Religion in Myanmar is extremely diverse, but there are some common elements, according to a recent report from the Myanmar Human Rights Commission.
“Religion is an essential part of the social fabric and we need to promote religious tolerance,” the report said.
In Myanmar, the government does not recognise the country’s three official religions, but its various communities use their language and culture to identify themselves.
The report’s findings have not gone down well with religious groups.
“This is a huge violation of Myanmar’s constitution and the UN Charter and the law,” Rhee Seon-gyu, chairperson of the Buddhist-majority National Association of Buddhist Organisations, told the Thomson Reuters Foundation.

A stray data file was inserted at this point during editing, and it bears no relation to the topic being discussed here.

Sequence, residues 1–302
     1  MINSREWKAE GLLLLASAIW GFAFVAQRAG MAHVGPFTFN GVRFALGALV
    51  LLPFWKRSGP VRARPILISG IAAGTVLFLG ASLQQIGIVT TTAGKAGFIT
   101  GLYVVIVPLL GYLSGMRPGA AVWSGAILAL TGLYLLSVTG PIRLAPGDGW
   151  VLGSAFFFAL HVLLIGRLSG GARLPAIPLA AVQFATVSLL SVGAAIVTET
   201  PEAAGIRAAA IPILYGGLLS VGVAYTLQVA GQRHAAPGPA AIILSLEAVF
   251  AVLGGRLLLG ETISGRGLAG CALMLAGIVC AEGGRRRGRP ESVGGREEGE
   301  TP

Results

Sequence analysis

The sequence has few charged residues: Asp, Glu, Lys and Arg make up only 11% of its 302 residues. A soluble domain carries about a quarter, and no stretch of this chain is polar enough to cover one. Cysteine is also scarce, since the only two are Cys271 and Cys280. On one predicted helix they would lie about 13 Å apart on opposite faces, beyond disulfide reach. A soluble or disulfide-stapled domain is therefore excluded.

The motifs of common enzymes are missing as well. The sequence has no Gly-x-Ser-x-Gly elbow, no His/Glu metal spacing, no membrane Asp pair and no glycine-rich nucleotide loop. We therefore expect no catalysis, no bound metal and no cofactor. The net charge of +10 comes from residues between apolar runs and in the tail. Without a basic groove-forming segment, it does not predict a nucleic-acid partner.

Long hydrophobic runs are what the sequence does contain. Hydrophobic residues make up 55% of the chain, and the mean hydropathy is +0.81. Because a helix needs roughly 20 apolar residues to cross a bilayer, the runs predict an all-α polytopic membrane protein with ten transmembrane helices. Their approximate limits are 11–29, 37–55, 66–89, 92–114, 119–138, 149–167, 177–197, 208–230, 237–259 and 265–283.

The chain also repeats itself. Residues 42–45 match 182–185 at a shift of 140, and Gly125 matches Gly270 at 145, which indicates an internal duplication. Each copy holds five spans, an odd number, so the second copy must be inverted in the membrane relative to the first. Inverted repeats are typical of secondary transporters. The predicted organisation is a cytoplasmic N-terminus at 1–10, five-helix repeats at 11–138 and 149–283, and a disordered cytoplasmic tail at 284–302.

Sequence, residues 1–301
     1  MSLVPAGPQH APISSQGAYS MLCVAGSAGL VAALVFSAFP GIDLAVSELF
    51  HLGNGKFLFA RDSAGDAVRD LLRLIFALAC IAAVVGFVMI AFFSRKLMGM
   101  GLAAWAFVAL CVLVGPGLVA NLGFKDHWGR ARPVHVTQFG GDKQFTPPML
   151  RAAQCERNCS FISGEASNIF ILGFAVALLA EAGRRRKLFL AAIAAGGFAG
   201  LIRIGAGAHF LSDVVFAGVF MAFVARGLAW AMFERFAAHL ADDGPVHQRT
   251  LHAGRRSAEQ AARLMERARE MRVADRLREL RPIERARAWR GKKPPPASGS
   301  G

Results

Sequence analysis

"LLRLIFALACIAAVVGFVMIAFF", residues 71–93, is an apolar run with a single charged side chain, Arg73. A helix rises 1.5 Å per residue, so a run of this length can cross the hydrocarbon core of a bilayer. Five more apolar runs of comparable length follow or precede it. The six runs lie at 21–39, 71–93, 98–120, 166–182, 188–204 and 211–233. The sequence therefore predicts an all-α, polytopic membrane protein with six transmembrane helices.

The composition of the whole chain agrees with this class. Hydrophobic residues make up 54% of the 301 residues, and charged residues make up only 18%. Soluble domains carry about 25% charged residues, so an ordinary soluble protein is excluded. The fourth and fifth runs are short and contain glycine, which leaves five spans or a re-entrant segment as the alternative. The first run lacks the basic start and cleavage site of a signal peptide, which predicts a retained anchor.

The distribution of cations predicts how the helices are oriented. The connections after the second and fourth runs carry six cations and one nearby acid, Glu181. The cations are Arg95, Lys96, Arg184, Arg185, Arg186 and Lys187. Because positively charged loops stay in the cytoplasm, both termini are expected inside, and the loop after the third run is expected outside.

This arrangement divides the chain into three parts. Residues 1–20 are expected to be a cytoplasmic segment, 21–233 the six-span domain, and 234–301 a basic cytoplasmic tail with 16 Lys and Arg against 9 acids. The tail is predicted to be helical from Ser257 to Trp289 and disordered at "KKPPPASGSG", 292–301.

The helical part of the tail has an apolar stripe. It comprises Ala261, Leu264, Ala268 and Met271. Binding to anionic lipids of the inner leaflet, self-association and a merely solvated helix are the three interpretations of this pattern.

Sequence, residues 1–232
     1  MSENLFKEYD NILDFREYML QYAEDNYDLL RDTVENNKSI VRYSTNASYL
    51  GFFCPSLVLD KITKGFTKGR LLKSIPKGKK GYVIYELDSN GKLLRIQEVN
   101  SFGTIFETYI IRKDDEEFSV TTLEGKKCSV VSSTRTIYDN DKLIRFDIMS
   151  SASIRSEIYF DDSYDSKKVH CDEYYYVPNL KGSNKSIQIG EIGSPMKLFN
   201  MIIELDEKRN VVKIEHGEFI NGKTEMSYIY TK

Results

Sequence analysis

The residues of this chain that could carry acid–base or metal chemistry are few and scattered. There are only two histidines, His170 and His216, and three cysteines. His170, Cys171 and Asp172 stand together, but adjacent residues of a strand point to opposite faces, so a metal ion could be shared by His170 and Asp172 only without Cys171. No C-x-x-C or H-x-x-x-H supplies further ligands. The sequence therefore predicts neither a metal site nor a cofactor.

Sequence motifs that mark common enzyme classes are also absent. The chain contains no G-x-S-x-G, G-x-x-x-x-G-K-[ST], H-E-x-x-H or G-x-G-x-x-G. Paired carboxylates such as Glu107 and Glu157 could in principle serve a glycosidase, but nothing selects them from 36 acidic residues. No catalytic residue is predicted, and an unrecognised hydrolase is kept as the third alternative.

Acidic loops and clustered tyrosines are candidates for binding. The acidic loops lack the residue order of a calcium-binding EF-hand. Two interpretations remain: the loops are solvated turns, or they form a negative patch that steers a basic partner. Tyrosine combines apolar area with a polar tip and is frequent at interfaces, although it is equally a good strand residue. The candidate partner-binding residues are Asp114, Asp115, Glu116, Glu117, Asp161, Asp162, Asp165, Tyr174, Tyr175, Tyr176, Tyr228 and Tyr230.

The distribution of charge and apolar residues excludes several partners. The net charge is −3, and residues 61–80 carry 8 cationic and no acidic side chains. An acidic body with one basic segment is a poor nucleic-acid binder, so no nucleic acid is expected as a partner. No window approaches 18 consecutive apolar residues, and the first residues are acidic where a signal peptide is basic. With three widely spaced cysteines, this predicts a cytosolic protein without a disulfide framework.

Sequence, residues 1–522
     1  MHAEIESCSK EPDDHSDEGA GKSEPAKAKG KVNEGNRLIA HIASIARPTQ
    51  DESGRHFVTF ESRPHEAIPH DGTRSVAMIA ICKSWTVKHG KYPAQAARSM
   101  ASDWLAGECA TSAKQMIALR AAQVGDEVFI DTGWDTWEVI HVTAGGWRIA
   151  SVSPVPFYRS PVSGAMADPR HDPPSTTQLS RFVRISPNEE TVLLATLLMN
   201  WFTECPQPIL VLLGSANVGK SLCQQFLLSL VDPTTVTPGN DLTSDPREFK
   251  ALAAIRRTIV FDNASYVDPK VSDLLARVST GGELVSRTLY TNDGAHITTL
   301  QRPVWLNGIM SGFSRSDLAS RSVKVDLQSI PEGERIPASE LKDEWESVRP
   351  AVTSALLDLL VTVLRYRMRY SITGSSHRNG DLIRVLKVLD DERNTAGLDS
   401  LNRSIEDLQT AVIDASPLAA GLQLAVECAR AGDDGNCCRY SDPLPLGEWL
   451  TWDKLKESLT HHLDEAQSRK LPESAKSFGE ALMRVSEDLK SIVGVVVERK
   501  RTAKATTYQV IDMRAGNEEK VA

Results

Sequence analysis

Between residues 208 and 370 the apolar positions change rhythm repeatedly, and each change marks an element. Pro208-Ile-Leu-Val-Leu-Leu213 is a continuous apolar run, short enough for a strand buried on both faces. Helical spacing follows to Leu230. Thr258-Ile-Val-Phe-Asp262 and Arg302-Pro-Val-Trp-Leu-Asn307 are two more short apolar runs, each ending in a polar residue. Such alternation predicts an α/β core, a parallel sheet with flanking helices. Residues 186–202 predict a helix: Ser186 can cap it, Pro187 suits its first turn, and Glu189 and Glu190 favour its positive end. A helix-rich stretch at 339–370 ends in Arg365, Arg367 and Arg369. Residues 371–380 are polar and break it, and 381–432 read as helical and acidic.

Rhee said the government has not been able to tackle the root causes of the Rohingya crisis and said the report was biased towards the Rohingya.
The report has been criticised by human rights organisations, and it has not stopped there.
Human Rights Watch said it was deeply concerned by the report’s lack of rigour and lacked any real evidence that the Rohingya community suffered discrimination.
“We strongly condemn the failure of the Myanmar government to provide credible and timely data on the extent of religious discrimination against the Rohingya people in Myanmar,” the rights group said.